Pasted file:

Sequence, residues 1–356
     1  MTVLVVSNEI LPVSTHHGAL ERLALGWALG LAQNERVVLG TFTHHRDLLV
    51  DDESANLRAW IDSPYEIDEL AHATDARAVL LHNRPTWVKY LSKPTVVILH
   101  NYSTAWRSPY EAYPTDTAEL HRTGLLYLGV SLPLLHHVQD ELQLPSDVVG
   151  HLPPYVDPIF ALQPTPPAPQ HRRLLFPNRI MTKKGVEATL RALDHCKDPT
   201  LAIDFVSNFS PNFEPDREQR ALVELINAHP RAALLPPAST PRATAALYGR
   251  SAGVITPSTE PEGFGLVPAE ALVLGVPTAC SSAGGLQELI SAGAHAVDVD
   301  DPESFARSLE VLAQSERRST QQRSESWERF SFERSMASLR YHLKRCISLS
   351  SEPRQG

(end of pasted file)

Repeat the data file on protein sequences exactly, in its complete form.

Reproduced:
Sequence, residues 1–356
     1  MTVLVVSNEI LPVSTHHGAL ERLALGWALG LAQNERVVLG TFTHHRDLLV
    51  DDESANLRAW IDSPYEIDEL AHATDARAVL LHNRPTWVKY LSKPTVVILH
   101  NYSTAWRSPY EAYPTDTAEL HRTGLLYLGV SLPLLHHVQD ELQLPSDVVG
   151  HLPPYVDPIF ALQPTPPAPQ HRRLLFPNRI MTKKGVEATL RALDHCKDPT
   201  LAIDFVSNFS PNFEPDREQR ALVELINAHP RAALLPPAST PRATAALYGR
   251  SAGVITPSTE PEGFGLVPAE ALVLGVPTAC SSAGGLQELI SAGAHAVDVD
   301  DPESFARSLE VLAQSERRST QQRSESWERF SFERSMASLR YHLKRCISLS
   351  SEPRQG